Warden Force: Masters of Destruction and Other True Game Warden Adventures: Episodes 88-100 [Paperback] Hodges, Terry Unbranded
Warden Force: Masters of Destruction and Other True Game Warden Adventures: Episodes 88-100 [Paperback] Hodges, Terry Unbranded
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Warden Force: Masters of Destruction and Other True Game Warden Adventures: Episodes 88-100 [Paperback] Hodges, Terry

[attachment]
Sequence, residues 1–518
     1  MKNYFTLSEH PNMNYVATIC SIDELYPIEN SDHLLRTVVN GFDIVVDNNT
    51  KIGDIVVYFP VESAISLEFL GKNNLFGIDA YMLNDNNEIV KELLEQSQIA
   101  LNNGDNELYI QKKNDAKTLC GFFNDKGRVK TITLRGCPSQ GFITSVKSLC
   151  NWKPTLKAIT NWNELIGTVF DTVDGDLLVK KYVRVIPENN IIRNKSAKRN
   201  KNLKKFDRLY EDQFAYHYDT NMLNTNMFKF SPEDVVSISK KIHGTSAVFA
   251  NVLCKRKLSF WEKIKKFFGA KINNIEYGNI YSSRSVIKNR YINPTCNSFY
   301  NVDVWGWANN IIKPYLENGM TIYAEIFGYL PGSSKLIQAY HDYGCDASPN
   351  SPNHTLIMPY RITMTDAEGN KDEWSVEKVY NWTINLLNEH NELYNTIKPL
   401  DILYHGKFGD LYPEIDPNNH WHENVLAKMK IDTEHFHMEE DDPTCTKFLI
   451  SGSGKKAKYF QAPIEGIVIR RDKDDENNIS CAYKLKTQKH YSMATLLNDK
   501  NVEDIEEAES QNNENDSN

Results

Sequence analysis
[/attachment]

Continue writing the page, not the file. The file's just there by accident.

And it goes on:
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Product Description A collection of 13 award-winning short stories (true crime/narrative non-fiction) concerning the true adventures of California Fish and Game Wardens and the wildlife-destroying outlaws they pursue. These stories illustrate the wide variety of wildlife-related problems wardens face in California, which has a greater diversity of wildlife and wildlife habitat than any other state and is second only to Alaska in its vast expanses of wilderness. Bonus: Contains a full-length audio narration of Combat Fishing (Story #9) The eighth season contains 13 exciting true-story narrative adventures: A Matter of Survival Some Kind of No Good Payback Time Drop-countin' at Gunner's Swamp Threats and Promises An Extra Set of Eyes Operation High Hog Primal Instinct Combat Fishing Master of Destruction The Ghosts of Tipper Slough Leonard's Bad Word Trophy Poacher Review The author, Terry Hodges, is a retired Fish and Game Patrol Lieutenant who had supervised the game wardens in two Northern California counties. This volume is the 8th in a Series of volumes of true short stories describing the experiences of "good wardens" who protect California wildlife and habitat against some of the nastiest people on the planet. I always look for the "surprise" in a book that makes it great. Terry Hodges understands how to use surprise as an element of a good story and getting to wisdom. The Preface points out three surprises often drawn from Hodges' game warden accounts: "California has more natural diversity of wildlife and wildlife habitat than any other State"--and many of its own citizens do not yet realize that this is a rural State; it is not mainly urban. And some of the most depraved crimes are committed in the rural areas-- it is not our urban centers which are the "high crime" areas. A second misconception which covers a surprise is that game wardens and conservation officers "are at greater risk of being assaulted and killed in the line of duty" than almost any other profession. Whatever else we think of the predators and abusers among us, this book documents the fact that we also harbor and pay great heroes who protect our most precious assets. This book includes documentation of one wildlife crime from which our communities have not recovered -- the infamous destruction of a pristine wetland known as Tipper Slough. This area was one of the last remaining riparian habitats, 95% of which have already been destroyed. Tipper Slough remains obliterated, in spite of laws, agreements, and commitments from developers. At least the Warden on the job was able to obtain a signed arrest warrant, and executed it on the wealthy developer, "the mass-murderer of wildlife". [142] These stories enable us to stand beside our heroes who protect our habitats. Our heroes still exist. We join in appreciating them and for doing what they do--combatting the high crimes against Nature committed by some very ignorant, depraved, and well-armed human beings. Our wardens are heroes. Readers can join those who have received, and will receive, California's highest honor, the Medal of Valor.   ★ ★★ ★★   The life of a game warden is pretty interesting. These true stories gave me an insight into their job and how tedious and frustrating it can be. The quote by one warden sums up justice, "We catch them, they let them go." "They" meaning the judges. It definitely seems like a thankless job and I'm sure most law enforcement officers feel the same way. I enjoyed all these stories but my favorite was The Ghosts of Tipper Slough. I also enjoyed  the bonus audio chapter Combat Fishing. I had a blast listening to that story being told. ★ ★★ ★★   Before the advent of reality television the general public tended to be unaware of the extent of wildlife related crime in the US and of the role of game wardens in apprehending violators. Game wardens are involved in much more than checking for fishing licenses and dee

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